Jonathan Theophilus Hodge (3 Apr 1928 - 19 Jan 2015)

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Funeral Service

Location
Hither Green Crematorium Verdant Lane Catford, London SE6 1TP
Date
19th Feb 2015
Time
2.30pm

Cremation Details

Location
Hither Green Crematorium Verdant Lane Catford. London SE6 1TP
Date
19th Feb 2015
Time
2.30pm

In loving memory of the late Jonathan Theophilus Hodge who sadly passed away on 19th January 2015

Lennox Haynes wrote

Uncle Johnny you live on in the family that you left behind.
My deepest condolences goes out them at this time of sadness.
May the Almighty ease the pain and suffering that is in hearts and minds. With the knowledge that you are in his care now and that all sins are forgiven. R.I.P

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Vicki Clark wrote

Rest in peace theophilus x

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Roy & Diane Corbin wrote

Felicia, the Corbin family offer our deepest condolences at this time of sorrow for the loss of Jonathan Hodge.

Words cannot express the sadness we feel, and while we can’t be there in person we are there for you and your family in spirit, and are thinking of you during these difficult times.

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Dorette aka Jackie Hodge-Fraser Suggs wrote

R.I.P Uncle Johnny

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Irma Dow Roache Hodge lit a candle
Irma Dow Roache Hodge wrote

May the angels guide you to Heaven. Rest in Peace Uncle !

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Felicia Hodge wrote

Tribute to my Father

My late father was a character. He liked to do things his way and would never give you a straight answer. He brought us up to have Christian and moral values and would severely reprimand us if we did not uphold those values as we were growing up. For this I thank him.

My Dad loved his whisky. I remember a time when I was around 14 years old, he had brought dozens of cases of Whisky Mac, which he stored in his bedroom. I was going to my school Christmas disco, so I took one of the bottles out of a case near the bottom of the stack. It only took him a couple of weeks to discover the bottle missing. I thought that it would have taken him months. He came straight to me and asked if I had taken it. I owned up and that was the end of the matter. He knew I wouldn’t have done it again without telling him.

He encouraged me to travel and when I was 7 years old, took Jacqueline and me on holiday to France, Holland, Belgium and Germany. He also took me to Majorca with a group on a trip that he had organised. Whilst there, he got talking to the chef of the SS Trenton, an American Frigate and the group was invited onto the ship for dinner the following evening.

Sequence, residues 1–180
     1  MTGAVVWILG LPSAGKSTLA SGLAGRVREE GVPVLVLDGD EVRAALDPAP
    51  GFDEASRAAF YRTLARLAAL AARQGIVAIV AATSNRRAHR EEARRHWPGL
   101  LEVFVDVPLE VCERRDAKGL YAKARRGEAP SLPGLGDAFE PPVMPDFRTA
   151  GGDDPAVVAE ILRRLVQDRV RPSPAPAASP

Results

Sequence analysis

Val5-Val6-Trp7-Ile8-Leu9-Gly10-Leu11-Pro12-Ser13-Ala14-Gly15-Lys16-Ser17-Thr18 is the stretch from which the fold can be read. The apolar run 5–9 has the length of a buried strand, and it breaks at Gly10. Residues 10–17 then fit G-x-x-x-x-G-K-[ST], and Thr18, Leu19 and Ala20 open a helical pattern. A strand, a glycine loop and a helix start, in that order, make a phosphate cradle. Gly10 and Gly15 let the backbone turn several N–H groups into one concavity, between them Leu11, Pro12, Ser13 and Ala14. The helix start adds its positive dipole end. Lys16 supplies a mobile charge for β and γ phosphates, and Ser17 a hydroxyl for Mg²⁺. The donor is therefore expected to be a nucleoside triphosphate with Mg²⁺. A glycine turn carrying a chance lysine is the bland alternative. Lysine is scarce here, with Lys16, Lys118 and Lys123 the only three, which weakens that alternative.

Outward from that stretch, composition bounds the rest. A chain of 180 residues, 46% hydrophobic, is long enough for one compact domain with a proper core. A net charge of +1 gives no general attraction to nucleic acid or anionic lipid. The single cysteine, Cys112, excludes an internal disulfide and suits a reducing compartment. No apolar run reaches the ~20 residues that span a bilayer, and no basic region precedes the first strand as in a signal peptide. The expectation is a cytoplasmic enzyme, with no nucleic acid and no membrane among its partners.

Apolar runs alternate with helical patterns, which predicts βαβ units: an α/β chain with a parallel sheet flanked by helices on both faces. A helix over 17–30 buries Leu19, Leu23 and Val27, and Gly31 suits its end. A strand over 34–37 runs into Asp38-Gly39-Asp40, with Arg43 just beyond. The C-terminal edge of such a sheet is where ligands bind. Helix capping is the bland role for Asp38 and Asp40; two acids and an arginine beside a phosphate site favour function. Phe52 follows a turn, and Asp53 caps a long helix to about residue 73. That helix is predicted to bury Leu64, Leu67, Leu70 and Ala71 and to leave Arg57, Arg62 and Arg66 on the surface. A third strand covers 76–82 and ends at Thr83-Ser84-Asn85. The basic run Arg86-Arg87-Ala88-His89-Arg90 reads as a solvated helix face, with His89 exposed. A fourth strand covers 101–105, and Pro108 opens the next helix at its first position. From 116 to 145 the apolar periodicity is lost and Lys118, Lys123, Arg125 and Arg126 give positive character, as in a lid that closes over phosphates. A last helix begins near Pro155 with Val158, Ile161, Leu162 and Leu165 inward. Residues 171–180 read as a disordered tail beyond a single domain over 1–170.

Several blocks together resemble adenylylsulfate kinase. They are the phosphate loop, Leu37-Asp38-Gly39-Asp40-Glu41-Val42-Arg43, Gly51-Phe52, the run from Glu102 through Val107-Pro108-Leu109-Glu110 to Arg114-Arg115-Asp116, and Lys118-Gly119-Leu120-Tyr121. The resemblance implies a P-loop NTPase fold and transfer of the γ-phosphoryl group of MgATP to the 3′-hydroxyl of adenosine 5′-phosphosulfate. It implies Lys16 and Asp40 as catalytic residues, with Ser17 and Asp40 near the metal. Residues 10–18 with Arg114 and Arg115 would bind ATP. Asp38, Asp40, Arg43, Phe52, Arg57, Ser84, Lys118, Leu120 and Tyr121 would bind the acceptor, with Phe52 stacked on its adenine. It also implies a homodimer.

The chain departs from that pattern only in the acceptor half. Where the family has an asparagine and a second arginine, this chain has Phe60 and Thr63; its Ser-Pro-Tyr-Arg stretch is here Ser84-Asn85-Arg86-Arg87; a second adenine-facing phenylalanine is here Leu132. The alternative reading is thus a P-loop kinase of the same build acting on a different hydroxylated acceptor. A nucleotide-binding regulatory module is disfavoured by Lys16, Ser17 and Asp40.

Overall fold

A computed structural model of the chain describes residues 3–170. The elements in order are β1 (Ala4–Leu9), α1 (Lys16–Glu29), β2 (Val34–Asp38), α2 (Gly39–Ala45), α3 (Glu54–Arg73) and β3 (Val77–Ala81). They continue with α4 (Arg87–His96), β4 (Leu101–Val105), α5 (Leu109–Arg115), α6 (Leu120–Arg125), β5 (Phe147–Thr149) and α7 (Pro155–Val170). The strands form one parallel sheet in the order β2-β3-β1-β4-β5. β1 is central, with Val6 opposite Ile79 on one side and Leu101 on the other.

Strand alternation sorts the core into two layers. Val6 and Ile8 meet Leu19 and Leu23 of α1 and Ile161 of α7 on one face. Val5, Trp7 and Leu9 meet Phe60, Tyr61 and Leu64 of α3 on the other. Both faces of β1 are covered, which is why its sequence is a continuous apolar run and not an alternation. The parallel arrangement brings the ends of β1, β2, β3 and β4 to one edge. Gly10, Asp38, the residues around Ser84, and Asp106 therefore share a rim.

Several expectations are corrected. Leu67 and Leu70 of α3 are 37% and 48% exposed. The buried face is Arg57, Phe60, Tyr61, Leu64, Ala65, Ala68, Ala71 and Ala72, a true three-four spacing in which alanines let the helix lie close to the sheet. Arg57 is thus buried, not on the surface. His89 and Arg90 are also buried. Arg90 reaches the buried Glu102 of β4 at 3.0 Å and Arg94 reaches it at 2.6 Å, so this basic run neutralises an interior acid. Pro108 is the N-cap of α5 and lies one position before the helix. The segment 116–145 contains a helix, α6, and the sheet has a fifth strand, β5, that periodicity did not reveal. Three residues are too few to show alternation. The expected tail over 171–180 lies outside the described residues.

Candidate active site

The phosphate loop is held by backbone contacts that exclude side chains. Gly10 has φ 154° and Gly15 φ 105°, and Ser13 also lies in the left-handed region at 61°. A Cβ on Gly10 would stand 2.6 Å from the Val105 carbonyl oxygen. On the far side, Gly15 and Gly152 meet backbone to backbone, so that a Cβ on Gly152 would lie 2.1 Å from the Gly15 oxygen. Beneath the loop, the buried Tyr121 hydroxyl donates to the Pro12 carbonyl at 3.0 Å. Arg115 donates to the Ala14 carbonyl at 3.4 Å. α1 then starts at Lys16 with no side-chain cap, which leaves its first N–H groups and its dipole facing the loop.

Dad loved his music and watching classic films. He had hundreds of tapes, CDs and vinyl records and the house was always filled with music.

Dad liked to party and had many parties at home, with us children looking down from upstairs, with our heads through the banisters, as his guests arrived. When I was older, he took me to some of the house parties that he went to, as well as a couple of dinner dances.

Although we didn’t always agree on matters and I found him very stubborn at times (a trait that I may have inherited), we had a very good relationship and I would often ask him for things on behalf of my siblings. Because he instilled in me the value of money and that it had to be earned, I had become very independent before I left home. I helped him with his pools rounds and received a percentage of the takings and worked in a supermarket on Saturdays and after school to earn money. I made him very proud when I was able to buy my own home without his assistance.

I had never heard my Dad swear whilst I lived at home and had never sworn in front of him, so was shocked when he came to visit me and a friend of mine who had just split from her partner was there turning the air blue with what she thought of him. I was embarrassed and apologised to Dad for her behaviour. He had found the situation quite amusing and said that she had to get it off of her chest. He didn’t mind her swearing and I saw another side to my Dad. I’ve heard him swear several times since.

Let me tell my Big Foot Friends, every time I went to visit Dad, he always had a bottle of wine for me to drink and one to take home. When I used to drink brandy, he always had a bottle in the house. We would laugh and joke and although he had some secrets, he was open with me about most things. I could say things to him that others wouldn’t dare.



Dad was a proud man and liked to live by his own decisions. He disliked relinquishing control, although towards the end, when the Dementia set in, he came to trust more in my judgement and guidance. I had feared that he would revert back to childlike state and need constant care.and I am so proud of him for maintaining his dignity despite having problems with mobility.

Dad, you gave me the fortitude to be the woman I am today. For this I thank you again. You have been blessed with so many good friends and neighbours who have enriched your life, as you have theirs. You will be sadly missed by all.

So I’ll cry, let loose and embrace my sorrow
Because I know for me there is tomorrow
I’ll hang on to and share of you my memories
That live on in my heart like birds wings on a breeze

Your Loving Daughter

Felicia

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